This one is not specific of django but it is very common during the development of any python project. Managing the contents of the requirements.txt file, that sometimes grows uncontrollably can be a mess. One of the root causes is the common work-flow of using virtualenv, install with pip all the required libraries and then do something like:
$pip freeze > requirements.txt
At the beginning this might work great, however soon you will need to change things and remove libraries. At this point, things start to get a little trickier, since you do not know which lines are a direct dependency of your project or if they were installed because a library you already removed needed them. This leads to some tedious work in order to maintain the dependency list clean.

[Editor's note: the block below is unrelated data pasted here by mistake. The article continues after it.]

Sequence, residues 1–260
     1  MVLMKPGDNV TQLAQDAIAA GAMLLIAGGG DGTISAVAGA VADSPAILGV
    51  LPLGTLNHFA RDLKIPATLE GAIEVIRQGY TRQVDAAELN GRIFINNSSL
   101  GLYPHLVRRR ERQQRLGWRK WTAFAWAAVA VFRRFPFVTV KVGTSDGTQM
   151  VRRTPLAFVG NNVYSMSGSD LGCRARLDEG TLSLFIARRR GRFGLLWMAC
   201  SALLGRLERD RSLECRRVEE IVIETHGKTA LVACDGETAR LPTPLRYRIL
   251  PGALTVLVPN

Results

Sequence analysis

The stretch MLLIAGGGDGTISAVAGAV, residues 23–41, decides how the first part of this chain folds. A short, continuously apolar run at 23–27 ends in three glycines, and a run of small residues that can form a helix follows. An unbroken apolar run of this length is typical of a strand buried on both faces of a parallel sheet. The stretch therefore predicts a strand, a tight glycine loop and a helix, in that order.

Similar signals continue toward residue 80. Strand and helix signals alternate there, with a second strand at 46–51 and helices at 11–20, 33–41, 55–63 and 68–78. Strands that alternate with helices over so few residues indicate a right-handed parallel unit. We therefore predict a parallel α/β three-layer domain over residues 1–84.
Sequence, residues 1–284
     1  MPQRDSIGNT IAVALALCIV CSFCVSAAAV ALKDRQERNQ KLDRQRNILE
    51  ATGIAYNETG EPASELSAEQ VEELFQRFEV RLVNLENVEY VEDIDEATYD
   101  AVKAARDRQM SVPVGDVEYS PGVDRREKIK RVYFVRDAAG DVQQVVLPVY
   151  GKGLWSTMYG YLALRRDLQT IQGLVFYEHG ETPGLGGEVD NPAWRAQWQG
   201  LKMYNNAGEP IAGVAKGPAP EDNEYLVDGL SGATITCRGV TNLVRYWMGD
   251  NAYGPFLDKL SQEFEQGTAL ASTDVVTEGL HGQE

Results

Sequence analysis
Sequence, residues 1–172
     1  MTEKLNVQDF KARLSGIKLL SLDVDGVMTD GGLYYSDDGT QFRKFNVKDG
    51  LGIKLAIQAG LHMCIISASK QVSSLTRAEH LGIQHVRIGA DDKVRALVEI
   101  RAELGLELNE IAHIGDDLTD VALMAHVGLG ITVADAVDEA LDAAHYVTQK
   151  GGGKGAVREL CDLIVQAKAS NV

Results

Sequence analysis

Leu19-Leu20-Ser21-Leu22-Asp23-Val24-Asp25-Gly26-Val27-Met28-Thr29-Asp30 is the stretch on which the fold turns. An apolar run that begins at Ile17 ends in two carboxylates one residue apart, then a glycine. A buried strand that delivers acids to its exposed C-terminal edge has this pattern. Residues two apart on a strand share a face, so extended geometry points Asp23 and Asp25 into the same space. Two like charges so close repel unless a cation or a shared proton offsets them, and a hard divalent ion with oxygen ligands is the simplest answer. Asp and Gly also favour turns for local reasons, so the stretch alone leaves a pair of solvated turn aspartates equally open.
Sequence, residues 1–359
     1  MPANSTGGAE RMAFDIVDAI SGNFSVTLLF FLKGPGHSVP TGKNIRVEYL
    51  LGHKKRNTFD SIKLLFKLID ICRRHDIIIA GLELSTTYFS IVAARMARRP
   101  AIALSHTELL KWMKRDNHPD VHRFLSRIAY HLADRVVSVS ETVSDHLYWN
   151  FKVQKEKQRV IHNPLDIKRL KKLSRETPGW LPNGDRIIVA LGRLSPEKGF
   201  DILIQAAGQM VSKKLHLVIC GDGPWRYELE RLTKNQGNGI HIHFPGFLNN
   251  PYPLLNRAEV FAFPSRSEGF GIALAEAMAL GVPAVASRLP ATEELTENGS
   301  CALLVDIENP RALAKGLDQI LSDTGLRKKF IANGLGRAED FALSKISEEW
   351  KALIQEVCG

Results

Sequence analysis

To solve this problem we might use pip-tools, which will help you declare the dependencies in a simple way and automatically generate the final requirements.txt. As it is shown in the project readme, we can declare the following requirements.in file:
django requests pillow celery
Then we generate our “official” requirements.txt with the pip-compile command, that will product the following output:
# # This file is autogenerated by pip-compile # Make changes in requirements.in, then run this to update: # # pip-compile requirements.in # amqp==1.4.8 # via kombu anyjson==0.3.3 # via kombu billiard==220.127.116.11 # via celery celery==3.1.19 django==1.9 kombu==3.0.30 # via celery pillow==3.0.0 pytz==2015.7 # via celery requests==2.8.1
Now you can keep track of where all those libraries came from. Need to add or remove packages? Just run pip-compile again.